The Forbidden Fruit denies being part of Facebook group that promotes 'medical freedom and human rights' in relation to COVID-19 pandemic

The Forbidden Fruit owner Phil Kent said being associated with the Facebook group was 'absolutely heart wrenching'. Photo: Pip Waller
The Forbidden Fruit owner Phil Kent said being associated with the Facebook group was 'absolutely heart wrenching'. Photo: Pip Waller

The owners of an independent fruit and vegetable shop on route from Mandurah to Bunbury say they are worried about the impact on their business after they were linked to an anti-vax group.

The Forbidden Fruit owners Phil and Kym Kent have denied being part of a Facebook group that claims to 'support medical freedom and human rights' in relation to vaccinations and the COVID-19 pandemic.

"I'd just like to say to people that no matter what they've read, that is not a reflection of the store at all, because this store isn't about who you are, where you come from or whether you're vaccinated against COVID or not," Mr Kent said.

The Facebook group was recently formed by Bunbury's Sweeney Todd Barber's Shop owner, Abi Locock and has about 150 members including a handful of local businesses.

Ms Locock attracted attention when she made a post to her business' Facebook page in September asking vaccinated clients to no longer use her service.

Mr Kent told the Mail a casual staff member had asked him if they could share The Forbidden Fruit's details to the group, saying it was a "local business group who wanted to support other small businesses in the region".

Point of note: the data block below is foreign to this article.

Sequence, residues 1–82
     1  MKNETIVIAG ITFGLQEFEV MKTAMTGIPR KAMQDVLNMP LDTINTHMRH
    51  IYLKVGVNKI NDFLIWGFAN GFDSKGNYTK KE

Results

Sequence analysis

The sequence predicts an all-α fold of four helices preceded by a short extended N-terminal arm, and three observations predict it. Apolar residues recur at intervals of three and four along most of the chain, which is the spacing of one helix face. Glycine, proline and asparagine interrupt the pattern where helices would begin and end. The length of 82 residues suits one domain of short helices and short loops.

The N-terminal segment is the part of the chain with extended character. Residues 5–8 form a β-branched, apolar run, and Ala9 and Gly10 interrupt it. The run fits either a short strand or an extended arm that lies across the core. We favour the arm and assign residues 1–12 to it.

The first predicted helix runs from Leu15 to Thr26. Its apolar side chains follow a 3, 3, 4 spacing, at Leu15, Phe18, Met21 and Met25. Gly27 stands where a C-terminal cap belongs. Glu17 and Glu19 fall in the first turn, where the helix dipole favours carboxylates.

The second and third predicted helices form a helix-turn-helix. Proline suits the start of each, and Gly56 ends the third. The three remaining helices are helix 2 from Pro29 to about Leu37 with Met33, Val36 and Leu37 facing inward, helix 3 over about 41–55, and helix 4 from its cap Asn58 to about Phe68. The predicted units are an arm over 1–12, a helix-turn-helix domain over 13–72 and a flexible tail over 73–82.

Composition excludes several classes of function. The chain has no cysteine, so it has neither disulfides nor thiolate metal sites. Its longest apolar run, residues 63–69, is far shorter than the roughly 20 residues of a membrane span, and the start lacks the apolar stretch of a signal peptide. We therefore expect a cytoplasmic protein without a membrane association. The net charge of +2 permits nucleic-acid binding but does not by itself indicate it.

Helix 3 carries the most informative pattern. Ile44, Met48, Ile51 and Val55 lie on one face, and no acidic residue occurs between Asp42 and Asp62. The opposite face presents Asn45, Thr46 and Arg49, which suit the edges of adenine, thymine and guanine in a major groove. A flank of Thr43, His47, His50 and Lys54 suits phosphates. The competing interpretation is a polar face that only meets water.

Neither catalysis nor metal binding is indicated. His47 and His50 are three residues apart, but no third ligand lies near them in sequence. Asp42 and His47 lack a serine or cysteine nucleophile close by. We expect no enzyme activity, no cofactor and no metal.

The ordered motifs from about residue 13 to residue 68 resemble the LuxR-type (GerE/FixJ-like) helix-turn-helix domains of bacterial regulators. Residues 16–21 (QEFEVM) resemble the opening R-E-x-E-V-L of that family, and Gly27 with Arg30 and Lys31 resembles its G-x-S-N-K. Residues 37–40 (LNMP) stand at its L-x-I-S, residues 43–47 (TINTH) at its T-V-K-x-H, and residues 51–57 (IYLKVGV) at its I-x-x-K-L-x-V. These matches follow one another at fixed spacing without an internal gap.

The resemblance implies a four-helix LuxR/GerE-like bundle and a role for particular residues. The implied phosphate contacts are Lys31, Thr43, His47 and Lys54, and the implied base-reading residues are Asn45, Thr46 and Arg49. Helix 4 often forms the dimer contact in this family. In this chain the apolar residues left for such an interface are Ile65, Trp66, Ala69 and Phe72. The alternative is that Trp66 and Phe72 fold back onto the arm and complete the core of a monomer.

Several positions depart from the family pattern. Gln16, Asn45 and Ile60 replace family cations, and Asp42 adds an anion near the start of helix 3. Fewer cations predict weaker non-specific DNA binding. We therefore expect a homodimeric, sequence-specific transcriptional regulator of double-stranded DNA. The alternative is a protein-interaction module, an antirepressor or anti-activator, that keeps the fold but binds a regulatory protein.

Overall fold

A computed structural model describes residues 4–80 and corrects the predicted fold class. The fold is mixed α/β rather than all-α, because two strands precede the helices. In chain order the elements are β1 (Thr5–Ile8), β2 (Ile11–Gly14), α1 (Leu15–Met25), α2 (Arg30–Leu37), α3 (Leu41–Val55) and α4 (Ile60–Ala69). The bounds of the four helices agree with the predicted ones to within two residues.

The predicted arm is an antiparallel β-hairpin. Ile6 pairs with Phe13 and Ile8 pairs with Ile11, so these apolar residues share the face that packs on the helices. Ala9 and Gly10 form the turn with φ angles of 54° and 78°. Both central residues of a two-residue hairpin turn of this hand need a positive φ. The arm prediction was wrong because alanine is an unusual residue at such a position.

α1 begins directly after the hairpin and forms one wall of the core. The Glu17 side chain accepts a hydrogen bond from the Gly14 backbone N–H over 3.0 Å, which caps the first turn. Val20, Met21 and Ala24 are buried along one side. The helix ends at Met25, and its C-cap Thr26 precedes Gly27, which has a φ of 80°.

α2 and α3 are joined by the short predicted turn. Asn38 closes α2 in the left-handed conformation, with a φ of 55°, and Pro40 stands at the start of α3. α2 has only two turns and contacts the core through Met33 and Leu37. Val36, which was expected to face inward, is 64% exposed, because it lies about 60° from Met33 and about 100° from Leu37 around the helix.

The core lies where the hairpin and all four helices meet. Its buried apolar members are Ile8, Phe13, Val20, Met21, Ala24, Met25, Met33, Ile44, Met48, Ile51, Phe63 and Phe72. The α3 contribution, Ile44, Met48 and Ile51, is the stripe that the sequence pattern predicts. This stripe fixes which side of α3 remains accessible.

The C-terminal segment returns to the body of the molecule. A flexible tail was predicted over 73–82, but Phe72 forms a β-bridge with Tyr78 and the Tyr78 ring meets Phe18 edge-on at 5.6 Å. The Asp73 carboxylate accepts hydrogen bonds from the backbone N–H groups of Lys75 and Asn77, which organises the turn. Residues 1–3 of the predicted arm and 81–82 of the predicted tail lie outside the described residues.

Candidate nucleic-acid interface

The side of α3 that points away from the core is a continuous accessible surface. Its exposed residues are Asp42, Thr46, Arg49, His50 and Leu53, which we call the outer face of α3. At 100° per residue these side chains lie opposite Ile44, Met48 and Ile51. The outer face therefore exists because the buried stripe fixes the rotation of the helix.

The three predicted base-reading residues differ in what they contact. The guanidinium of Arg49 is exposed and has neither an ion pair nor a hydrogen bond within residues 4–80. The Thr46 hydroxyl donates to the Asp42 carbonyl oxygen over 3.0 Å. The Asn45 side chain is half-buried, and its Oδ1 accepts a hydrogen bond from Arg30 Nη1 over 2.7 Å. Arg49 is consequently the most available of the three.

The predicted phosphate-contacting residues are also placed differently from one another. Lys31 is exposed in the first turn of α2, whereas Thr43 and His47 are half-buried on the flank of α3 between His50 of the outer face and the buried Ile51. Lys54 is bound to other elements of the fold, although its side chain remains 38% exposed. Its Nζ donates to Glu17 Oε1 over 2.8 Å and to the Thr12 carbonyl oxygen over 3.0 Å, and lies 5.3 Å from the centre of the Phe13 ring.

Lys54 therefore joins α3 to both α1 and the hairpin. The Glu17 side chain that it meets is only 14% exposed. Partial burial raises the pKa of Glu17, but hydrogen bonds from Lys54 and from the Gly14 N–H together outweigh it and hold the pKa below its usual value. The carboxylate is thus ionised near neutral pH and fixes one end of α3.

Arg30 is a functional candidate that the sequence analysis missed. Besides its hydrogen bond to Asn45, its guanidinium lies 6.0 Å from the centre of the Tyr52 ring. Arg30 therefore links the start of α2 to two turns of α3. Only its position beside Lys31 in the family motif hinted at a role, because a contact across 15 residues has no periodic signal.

"So of course I said yes, because why wouldn't I support that?

"To be honest it's my own fault because I never checked up on what the group actually was. I'm a very trusting person by nature, which after this week will probably change.

"Even if I didn't support vaccination, I would never bring this into my business because that is a personal thing.

"What worries me the most is that we'll lose some of our existing customers and the chances of bringing in new customers will certainly be diminished because those people probably think I'm a wacko."

I'm honestly concerned this is going to affect my business forever.

The Forbidden Fruit owner, Phil Kent.

Mr Kent told the Mail that it was 'absolutely devastating' to be associated with the group when his business now needed local support more than ever after coming out of the "worst winter" he'd seen in the whole five years he'd owned the shop.

"We support primary and buy local where we can.

"One of the biggest things that has affected us and will continue to for a long time is the worker shortage on farms.

"We deal with local growers and we know that they're struggling because of the lack of backpackers due to COVID.

"I'm honestly concerned this is going to affect my business forever."

The Forbidden Fruit is located in Stratham and is open Monday to Friday, 8am to 5pm and Saturday and Sunday, 9am to 3pm.